Mary B. Brooke, Loose Items, 1898

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RECESSIONAL by Rudyard Kipling Editor's Note- We have been requested a great many times of late to republish Mr. Kipling's poem "Recessional," and we gladly reproduce it herewith in compliance with these requests. [left column] GOD of our fathers, known of oldLord of our far-flung battle-lineBeneath Whose awful Hand we hold Dominion over palm and pine Lord God of Hosts, be with us yet, Lest we forget- lest we forget!

The tumult and the shouting dies- The captains and the kings depart- Still stands Thine ancient Sacrifice, An humble and a coontrite heart. Lord God of Hosts, be with us yet, Lest we forget- lest we forget!

[right column] Far-called our navies melt away- On dune and headland sinks the fire- Lo, all our pomp of yesterday Is one with Nineveh and Tyre! Judge of the Nations, spare us yet, Lest we forget- lest we forget!

If, drunk with sight of power, we loose Wild tongues that have not Thee in awe- Such boasting as the Gentiles use Or lesser breeds without the Law- Lord God of Hosts, be with us yet, Lest we forget, lest we forget!

[bottom column] For heathen heart that puts her trust In reeking tube and iron shard- all valiant dust that builds on dust, And guardig calls not Thee to guard- For frantic boast and foolish word, Thy Mercy on Thy People, Lord! Amen.

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[left column] medium for most of the stories and poems published by Mr. Kipling during its lifetime. The same is true of the writings of Anthony H [illegible] and Robert Louis Stevenson. And these are only examples of a policy which must be by now perfectly familiar to our friends.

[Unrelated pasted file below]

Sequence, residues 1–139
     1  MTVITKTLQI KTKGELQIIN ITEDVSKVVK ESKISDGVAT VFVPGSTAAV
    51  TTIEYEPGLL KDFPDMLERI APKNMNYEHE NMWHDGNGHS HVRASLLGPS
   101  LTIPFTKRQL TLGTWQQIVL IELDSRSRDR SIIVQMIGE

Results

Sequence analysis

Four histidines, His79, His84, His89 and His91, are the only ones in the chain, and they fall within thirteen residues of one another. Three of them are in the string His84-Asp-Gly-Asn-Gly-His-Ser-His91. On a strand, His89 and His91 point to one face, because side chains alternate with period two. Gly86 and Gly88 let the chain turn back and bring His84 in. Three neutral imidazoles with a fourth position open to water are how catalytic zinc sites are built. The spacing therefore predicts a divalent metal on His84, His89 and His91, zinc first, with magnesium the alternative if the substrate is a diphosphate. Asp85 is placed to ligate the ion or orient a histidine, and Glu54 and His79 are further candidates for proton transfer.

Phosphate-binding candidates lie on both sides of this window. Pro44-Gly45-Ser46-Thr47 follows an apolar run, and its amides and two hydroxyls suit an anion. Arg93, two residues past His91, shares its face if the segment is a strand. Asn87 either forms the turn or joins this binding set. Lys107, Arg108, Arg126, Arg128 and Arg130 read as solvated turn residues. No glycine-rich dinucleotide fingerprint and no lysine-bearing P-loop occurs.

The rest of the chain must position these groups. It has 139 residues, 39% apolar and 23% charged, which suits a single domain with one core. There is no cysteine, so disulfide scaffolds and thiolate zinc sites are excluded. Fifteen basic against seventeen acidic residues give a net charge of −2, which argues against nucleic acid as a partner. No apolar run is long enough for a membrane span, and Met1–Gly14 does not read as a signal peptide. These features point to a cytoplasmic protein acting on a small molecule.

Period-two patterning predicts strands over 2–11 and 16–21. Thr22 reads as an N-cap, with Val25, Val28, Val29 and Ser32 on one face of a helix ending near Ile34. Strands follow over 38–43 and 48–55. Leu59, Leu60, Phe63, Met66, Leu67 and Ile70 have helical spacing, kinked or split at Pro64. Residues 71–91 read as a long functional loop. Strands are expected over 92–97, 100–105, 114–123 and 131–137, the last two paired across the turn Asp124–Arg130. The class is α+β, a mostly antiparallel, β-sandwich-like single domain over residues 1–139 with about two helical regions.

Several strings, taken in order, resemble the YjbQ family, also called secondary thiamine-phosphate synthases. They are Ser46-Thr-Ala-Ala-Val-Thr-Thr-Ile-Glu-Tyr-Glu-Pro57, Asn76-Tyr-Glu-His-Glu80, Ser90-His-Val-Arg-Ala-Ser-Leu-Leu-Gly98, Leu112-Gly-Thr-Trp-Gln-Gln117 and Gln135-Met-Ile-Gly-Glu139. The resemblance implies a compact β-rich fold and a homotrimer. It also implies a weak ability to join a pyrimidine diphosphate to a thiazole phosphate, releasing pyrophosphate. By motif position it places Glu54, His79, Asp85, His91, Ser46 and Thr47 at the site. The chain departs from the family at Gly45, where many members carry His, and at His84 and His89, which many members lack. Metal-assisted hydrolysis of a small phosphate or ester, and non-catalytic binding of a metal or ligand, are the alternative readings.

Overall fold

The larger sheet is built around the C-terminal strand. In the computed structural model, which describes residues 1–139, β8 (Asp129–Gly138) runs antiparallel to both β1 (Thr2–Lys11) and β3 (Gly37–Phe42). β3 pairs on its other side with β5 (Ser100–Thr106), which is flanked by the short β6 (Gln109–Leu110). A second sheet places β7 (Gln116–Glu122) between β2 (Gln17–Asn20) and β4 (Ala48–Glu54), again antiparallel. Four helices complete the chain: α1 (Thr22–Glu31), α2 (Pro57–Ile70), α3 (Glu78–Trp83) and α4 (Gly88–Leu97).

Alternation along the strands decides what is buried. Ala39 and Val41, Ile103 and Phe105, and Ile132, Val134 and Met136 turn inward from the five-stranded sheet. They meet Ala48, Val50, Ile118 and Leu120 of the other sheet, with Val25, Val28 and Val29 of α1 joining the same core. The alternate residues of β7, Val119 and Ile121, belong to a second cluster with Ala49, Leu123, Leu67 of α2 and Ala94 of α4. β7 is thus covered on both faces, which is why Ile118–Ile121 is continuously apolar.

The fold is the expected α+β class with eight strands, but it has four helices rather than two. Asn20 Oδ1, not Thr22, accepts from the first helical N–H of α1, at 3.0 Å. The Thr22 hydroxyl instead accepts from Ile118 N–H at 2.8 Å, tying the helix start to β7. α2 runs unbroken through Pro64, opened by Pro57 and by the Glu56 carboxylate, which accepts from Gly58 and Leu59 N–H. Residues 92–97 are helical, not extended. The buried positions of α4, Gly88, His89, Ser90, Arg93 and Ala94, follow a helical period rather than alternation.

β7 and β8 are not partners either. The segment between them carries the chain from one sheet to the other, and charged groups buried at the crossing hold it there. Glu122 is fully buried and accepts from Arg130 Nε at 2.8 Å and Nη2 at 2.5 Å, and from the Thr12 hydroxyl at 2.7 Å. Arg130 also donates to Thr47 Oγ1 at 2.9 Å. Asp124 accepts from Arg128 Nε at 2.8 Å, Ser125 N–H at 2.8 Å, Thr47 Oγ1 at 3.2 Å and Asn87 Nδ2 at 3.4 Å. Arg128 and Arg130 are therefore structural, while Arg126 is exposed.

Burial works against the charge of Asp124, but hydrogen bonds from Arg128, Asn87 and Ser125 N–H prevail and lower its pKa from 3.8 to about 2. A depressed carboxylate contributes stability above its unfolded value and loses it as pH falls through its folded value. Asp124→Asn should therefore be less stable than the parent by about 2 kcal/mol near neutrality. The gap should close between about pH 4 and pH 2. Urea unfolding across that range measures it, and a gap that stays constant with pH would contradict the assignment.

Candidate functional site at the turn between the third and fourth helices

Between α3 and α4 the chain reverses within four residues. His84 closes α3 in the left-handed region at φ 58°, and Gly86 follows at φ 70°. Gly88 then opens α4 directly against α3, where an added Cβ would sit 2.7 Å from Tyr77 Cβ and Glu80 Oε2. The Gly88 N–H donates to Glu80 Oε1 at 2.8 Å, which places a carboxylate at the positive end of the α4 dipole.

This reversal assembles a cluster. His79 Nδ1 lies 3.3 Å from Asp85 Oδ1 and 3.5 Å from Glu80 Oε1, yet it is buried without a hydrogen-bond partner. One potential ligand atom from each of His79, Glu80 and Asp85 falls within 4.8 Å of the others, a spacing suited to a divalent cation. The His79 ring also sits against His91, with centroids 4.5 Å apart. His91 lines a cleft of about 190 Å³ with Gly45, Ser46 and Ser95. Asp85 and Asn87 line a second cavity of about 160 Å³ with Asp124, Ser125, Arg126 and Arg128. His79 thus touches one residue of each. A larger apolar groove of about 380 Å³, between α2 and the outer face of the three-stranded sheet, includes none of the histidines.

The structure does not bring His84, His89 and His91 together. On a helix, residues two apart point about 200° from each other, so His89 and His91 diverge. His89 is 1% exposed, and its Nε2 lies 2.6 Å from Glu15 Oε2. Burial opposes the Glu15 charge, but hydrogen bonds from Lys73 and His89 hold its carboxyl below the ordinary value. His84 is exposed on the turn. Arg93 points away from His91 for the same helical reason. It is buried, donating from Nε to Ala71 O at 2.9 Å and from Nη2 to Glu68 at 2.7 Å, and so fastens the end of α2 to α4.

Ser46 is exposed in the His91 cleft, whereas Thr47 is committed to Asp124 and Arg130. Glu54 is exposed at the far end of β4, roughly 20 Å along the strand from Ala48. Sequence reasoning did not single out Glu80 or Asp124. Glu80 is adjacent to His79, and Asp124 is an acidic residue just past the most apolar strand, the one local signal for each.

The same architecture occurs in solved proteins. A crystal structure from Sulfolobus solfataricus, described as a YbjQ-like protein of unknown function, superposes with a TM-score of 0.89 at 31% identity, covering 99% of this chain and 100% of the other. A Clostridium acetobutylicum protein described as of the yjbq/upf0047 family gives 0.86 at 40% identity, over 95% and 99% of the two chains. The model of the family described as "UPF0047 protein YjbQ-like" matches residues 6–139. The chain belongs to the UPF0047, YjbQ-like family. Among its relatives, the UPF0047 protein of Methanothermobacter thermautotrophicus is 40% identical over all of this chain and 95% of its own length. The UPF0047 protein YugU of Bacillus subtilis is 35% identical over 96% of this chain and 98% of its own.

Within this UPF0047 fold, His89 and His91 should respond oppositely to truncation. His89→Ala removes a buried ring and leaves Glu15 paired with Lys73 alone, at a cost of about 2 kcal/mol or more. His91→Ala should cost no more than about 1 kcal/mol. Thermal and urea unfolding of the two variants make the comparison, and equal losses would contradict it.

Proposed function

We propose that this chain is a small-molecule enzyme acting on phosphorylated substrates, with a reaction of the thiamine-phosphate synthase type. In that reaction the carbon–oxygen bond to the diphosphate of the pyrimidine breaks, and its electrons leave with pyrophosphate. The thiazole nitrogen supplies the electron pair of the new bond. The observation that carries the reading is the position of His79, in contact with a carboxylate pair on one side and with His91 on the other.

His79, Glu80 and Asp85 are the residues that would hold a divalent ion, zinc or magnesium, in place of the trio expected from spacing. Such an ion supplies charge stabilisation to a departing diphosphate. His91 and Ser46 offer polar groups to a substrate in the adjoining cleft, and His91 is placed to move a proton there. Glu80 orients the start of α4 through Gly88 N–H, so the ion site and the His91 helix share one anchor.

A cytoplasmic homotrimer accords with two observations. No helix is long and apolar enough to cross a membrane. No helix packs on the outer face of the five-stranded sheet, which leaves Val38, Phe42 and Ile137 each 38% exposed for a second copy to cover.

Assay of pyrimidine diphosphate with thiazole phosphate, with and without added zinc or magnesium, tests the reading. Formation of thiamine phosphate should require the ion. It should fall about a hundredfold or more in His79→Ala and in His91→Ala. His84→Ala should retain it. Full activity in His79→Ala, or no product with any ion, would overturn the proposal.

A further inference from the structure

It is more interesting, however, to look ahead and talk about what we are going to do. We give herewith a brief description of some of the articles and stories which we hope will not only retain the support of our present friends, but bring us new allies.

A SERIAL BY RUDYARD KIPLING.—As in previous years, all, or nearly all, of Mr. Kipling's stories will be published in this magazine. Speaking of his story "In Ambush," published in our August number, the "Brooklyn Eagle" said: "If he were to write a continued story of school life on the line indicated in this sketch, it would be as successful a book as 'Tom Brown' or 'Huckleberry Finn.' " Such a book Mr. Kipling is now writing for us, and we expect to begin the publication of it in January. It will consist of six stories, each complete in itelf, but all dealing with the same charac-

[right column] Strategy, is recognized everywhere as the foremost living authority on naval power and warfare. McCLURE'S MAGAZINE has secured the exclusive use of whatever he may write on the subject of the war; and he will contribute to the magazine an exposition and interpretation of the war, particularly in its naval engagements and aspects. It is safe to say that there will be nothing produced in all the literature of the war of higher interest and significance than Captain Mahan's contribution.

KIPLING'S NEW VOLUME OF STORIES.

A new volume of stories by Mr. Rudyard Kipling is about as big a literary event as the times can give us, and its announcement is unquestionably a matter of deep personal interest to a larger number of English-speaking people than any other such announcement could be. Now most able critics would take the ground that this dual statement is somewhat paradoxical: that the biggest literary event has not been in the past the one 591

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William Crowell L. L. Brulah Runce L. M. William Crowell F. I. Edith Marian .L. H. I hear are pretty warm! --

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